A new research has discovered design cues for silver-based superatomic compounds.

The potential for superatomic material synthesis from superatomic molecules containing noble metal elements like gold and silver is the subject of research. In any case, the comprehension of silver-based superatomic atoms has been restricted. To fill this void, Japanese researchers investigated two silver-containing bimetallic superatomic molecules to ascertain the key factors that permitted their formation. In the future, it is anticipated that their findings will help advance the creation of novel materials.

As superatoms for the synthesis of materials with unique properties and potential new applications, noble metal nanoclusters like gold (Au) and silver (Ag) have gained attention in recent decades. These superatoms—also known as “artificial atoms”—have distinct properties from their bulk counterparts and typically consist of a cluster of a few to several hundred atoms. However, the formation of a closed-shell electron structure determines these superatoms’ stability, much like that of real atoms.

“So far, we humans have created a wide range of useful materials from the elements at our disposal on Earth.” However, with complicated energy and environmental challenges in the future, the creation of materials with novel qualities and uses is sought.”

 Prof. Negishi 

In comparison to Au-based superatoms, Ag-based superatoms are known for their superior properties and functions, such as selective catalytic activity and photoluminescence. However, the majority of research in this area has primarily focused on superatomic molecules with an Au base.

To fill this knowledge gap, Japanese researchers investigated the processes that lead to the formation of Ag-based superatomic molecules. On March 28, 2023, this study was published in the journal Communications Chemistry.

Discussing the inspiration behind concentrating on Ag-based superatoms, Prof. According to Negishi says, “Up until this point, we people have made different valuable materials from the components accessible to us on the planet. However, considering the complex energy and environmental issues of the future, it is desirable to develop materials with novel properties and functions.”

To this end, the analysts orchestrated two di-superatomic atoms with bromine (Br) as the crossing over ligand: [Ag23Pt2(PPh3)10Br7]0 and [Ag23Pd2(PPh3)10Br7]0, where PPh3 is triphenylphosphine. The first was made up of two Ag12Pt superatoms that were icosahedral and shared a vertex. Platinum atoms (Pt) were in the center of each superatom. The other superatomic molecule, on the other hand, had palladium (Pd) as its central atom and consisted of two icosahedral Ag12Pd structures.

The stability and geometric/electronic structure of these two nanoclusters were then compared to [Ag23Pt2(PPh3)10Cl7]0 (1) and [Ag23Pd2(PPh3)10Cl7]0 (2), two nanoclusters with chlorine (Cl) serving as the bridging atom and exhibiting geometrical similarity to the synthesized nanoclusters.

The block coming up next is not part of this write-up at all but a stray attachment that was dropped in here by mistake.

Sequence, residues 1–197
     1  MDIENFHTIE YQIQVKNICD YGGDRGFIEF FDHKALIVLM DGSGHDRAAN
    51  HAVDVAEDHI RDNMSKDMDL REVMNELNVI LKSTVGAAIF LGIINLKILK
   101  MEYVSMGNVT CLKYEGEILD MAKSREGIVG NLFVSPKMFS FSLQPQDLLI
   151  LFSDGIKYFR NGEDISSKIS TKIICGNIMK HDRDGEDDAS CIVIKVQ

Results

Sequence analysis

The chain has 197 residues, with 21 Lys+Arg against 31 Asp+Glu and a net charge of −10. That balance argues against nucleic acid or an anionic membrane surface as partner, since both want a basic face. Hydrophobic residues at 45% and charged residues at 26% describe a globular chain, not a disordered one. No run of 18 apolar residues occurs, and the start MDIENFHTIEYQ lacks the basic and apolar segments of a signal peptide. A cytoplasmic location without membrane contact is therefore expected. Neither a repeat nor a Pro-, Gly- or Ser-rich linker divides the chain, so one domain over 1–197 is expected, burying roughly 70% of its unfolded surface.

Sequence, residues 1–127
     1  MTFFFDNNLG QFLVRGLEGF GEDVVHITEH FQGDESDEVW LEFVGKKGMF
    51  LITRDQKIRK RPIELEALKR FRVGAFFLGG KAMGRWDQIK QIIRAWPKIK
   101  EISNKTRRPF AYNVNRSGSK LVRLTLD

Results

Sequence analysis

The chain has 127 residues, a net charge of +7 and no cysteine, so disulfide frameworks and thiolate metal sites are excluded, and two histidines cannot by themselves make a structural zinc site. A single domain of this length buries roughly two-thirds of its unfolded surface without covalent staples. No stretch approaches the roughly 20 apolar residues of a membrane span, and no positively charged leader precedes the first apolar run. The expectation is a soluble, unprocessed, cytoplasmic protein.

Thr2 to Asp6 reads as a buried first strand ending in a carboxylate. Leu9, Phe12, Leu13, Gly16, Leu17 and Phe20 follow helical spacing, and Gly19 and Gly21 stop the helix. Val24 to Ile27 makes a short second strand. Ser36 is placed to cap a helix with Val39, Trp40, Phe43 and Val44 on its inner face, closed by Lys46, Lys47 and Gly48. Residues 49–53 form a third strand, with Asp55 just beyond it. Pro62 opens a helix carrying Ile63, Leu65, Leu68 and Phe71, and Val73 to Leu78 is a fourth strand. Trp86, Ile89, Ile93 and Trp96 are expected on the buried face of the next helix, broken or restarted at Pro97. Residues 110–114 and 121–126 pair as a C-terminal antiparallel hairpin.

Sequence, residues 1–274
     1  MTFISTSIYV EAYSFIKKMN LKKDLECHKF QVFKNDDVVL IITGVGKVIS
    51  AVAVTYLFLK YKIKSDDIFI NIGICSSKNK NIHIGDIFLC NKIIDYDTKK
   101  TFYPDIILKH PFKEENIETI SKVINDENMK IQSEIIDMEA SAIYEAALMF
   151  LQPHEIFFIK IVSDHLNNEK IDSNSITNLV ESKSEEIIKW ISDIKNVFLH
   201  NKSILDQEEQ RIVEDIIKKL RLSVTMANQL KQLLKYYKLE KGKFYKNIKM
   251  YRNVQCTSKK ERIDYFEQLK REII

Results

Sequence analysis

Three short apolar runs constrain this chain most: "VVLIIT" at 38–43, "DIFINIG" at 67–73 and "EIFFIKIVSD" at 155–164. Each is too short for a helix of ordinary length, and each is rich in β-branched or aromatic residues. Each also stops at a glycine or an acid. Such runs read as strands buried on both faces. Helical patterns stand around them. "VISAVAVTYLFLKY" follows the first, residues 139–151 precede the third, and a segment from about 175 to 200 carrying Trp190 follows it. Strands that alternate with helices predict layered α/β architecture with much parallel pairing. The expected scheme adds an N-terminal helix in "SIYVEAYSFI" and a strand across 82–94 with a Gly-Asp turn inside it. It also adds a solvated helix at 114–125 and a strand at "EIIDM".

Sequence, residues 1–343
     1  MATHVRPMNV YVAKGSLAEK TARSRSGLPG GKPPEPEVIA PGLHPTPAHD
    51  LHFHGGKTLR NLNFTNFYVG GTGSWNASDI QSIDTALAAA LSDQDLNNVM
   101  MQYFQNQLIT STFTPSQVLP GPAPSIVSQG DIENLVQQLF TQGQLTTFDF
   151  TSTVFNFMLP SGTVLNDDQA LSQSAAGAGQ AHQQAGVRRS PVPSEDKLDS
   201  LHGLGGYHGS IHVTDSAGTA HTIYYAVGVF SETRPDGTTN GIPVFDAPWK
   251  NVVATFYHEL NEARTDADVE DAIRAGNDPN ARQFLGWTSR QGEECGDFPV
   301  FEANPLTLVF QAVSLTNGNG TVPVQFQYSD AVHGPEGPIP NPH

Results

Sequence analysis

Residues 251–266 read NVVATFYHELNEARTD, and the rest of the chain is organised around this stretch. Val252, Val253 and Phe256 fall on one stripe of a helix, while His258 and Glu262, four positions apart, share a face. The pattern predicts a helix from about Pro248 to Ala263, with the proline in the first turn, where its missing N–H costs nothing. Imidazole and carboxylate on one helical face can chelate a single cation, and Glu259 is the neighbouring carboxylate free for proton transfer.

The researchers discovered a twist between the two icosahedral structures containing Br as the bridging ligand when they examined the four nanoclusters’ geometric structures. The researchers hypothesize that by reducing the distance between the two icosahedral structures, this twist stabilizes the nanocluster.

The PPh3 molecule moved further away from the metal nanocluster’s long axis, and the bond lengths of the Ag-P and Ag-Ag bonds changed as a result of the larger Br atom’s introduction of steric hindrance. According to these findings, the formation of metal nanoclusters is not hindered by the type of bridging halogen, despite the fact that it has a slight impact on their geometric structures.

Prof. Negishi explains, “As long as the bridging halogen is large enough to maintain a moderate distance between the two Ag12M structures, it appears to have little effect on whether superatomic molecules can be formed or not.”

However, the number of bridging halogens attached to the nanocluster was largely responsible for its stability. Stable metallic nanoclusters require a full valence shell, just like atoms do. The researchers were only able to attach a maximum of five bridging halogens to the prepared nanoclusters, which had a total of 16 valence electrons, in order to keep the metal nanocluster in a stable neutral or cationic state.

The presence of Pd and Pt focal molecules was viewed as the result of the development of metallic nanoclusters. Subbing the focal particle of Ag13 with Pt or Pd prompted an expansion of the normal restricting energy inside the nanoclusters, making it ideal for the arrangement of superatomic atoms.

In total, the researchers discovered three crucial requirements for the formation and isolation of two Ag13xMx structures connected by vertex sharing in superatomic molecules. These incorporate the presence of a spanning halogen that can keep an ideal separation between the two designs, a blend of heteroatoms and connecting incandescent light that outcomes in 16 valence electrons, and the development of an icosahedral center that is more grounded than Ag13.

“These findings offer clear design guidelines for the creation of molecular devices with various properties and functions and can potentially contribute to resolving pressing concerns regarding clean energy and the environment,” Prof. Negishi wrote in his paper.

More information: Sayuri Miyajima et al, Key factors for connecting silver-based icosahedral superatoms by vertex sharing, Communications Chemistry (2023). DOI: 10.1038/s42004-023-00854-0

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